Nurse found Guilty Because he wrote about grandfather`s Care on Facebook

Updated News as on  12-2016

Prince Albert nurse Carolyn Strom was found guilty of professional misconduct for posting on Facebook about her grandfather’s health care experience.

It is shocking that the Saskatchewan Registered Nurses Association found Carolyn Strom, a registered nurse, guilty of professional misconduct after complaining on her facebook page about the care her grandfather received in palliative care.

The hospital stated that an investigation was done into the complaints. Link to the discipline committee report.

On October 25 I wrote about Elizabeth Wetlauffer, who is a nurse that was charged with 8 counts of murder at care homes in Woodstock and London Ontario. EPC reacted to this news by demanding an in-depth investigation be done into murders at care homes in Ontario. Yesterday the Ontario Provincial Police (OPP) announced that they are investigating two more suspicious deaths that may be connected to Wetlauffer. Wetlauffer’s acts of alleged murder were not uncovered by an investigation or by “quality control” but rather by comments Wetlauffer made to a psychiatrist.

The SRNA disagreed with Decision.

In a written decision published this fall, the SRNA pointed out that the Canadian Charter of Rights and Freedoms is not absolute. It also stated that courts across Canada have found regulated professionals guilty of professional misconduct because of things they have done in their private lives.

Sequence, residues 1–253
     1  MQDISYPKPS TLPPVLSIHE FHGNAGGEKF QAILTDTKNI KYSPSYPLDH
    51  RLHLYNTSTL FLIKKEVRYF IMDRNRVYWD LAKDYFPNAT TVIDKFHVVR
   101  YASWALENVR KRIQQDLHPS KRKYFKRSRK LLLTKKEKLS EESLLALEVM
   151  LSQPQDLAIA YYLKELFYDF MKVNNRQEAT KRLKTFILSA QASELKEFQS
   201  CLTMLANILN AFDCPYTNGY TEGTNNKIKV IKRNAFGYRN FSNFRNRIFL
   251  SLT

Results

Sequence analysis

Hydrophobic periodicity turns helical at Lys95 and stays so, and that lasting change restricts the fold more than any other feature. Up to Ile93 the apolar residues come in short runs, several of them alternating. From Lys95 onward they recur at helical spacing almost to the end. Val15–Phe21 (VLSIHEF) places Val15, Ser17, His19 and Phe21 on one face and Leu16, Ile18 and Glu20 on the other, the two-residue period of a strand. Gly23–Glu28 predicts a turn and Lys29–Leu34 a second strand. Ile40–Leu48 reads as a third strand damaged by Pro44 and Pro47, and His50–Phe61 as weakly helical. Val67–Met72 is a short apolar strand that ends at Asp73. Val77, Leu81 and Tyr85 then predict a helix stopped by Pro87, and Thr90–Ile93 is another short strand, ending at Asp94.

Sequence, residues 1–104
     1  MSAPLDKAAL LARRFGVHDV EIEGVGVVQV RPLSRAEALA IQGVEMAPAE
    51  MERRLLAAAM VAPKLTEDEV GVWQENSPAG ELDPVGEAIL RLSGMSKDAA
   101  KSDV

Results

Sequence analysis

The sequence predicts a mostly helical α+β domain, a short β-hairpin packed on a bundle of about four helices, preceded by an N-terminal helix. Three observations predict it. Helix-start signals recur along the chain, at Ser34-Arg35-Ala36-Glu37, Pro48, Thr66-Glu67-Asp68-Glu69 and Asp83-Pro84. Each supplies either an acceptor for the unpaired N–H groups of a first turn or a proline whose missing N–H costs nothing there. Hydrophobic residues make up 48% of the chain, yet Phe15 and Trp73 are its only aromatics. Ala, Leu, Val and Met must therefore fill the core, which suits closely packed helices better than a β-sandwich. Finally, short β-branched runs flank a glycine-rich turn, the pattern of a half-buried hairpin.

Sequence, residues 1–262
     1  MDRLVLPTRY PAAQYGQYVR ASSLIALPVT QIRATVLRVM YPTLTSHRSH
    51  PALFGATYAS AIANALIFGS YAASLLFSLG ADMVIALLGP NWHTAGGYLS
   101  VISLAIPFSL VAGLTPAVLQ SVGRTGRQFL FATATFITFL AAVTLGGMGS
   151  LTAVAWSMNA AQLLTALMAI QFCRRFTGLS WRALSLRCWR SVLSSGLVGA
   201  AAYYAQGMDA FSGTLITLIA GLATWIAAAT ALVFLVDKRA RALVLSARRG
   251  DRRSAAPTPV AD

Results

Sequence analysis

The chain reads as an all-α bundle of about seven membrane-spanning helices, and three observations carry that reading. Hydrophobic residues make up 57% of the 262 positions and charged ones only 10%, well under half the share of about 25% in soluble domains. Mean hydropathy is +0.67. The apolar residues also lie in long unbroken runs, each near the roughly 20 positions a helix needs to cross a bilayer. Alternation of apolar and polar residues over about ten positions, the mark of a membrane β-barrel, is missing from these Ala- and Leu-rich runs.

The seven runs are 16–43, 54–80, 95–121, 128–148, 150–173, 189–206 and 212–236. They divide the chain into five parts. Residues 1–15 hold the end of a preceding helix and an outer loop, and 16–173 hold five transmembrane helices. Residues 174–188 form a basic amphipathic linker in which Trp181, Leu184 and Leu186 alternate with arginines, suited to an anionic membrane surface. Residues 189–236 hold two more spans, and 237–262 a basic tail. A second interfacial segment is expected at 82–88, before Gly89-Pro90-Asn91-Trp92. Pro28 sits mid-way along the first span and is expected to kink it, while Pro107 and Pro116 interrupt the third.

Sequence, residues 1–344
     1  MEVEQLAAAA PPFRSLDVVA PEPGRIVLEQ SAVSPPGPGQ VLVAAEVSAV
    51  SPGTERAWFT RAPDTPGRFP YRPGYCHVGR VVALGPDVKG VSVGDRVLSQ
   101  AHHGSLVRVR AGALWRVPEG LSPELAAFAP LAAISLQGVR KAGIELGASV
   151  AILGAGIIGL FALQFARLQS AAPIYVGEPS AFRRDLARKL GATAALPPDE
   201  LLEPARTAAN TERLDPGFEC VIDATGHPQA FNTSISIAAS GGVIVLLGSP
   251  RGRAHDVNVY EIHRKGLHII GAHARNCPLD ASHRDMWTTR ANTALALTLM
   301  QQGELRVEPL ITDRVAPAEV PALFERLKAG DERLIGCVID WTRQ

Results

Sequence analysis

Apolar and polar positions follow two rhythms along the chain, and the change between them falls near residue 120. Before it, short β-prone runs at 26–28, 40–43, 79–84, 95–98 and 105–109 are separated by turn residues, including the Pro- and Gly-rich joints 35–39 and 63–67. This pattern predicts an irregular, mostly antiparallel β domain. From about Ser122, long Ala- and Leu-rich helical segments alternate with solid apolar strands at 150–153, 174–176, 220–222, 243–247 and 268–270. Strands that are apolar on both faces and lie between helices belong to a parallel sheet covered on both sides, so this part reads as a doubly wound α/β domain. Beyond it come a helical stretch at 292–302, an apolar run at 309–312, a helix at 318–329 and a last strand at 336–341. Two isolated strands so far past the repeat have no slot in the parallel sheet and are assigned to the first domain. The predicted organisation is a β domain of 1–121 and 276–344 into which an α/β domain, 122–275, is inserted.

Pending the outcome of a penalty hearing that has not yet been scheduled, Strom could be expelled or suspended from the SRNA or face some other form of sanction, such as a fine.

Strom’s lawyer, Marcus Davies, said he will appeal the decision after the penalty hearing.

“(The SRNA) have over-punished, over-sanctioned and responded inappropriately to a discussion on health care and they have held (Strom) to a standard that I think few of us would expect ever to be held to. You can’t comment on your own grandparent?” he said.

“If you remove nurses from a discussion of health care — which this decision effectively does — nurses will be reluctant or frightened to engage in a frank discussion of health care in public. Then you’ve made the discussion less valuable.”

If the decision stands, it could have repercussions for other self-regulating professions such as doctors, accountants and lawyers, Davies said.

The SRNA said Strom, who identified herself as a nurse in her Facebook post, harmed the reputation of nursing staff at the Macklin facility, which runs contrary to the SRNA’s broad code of ethics.

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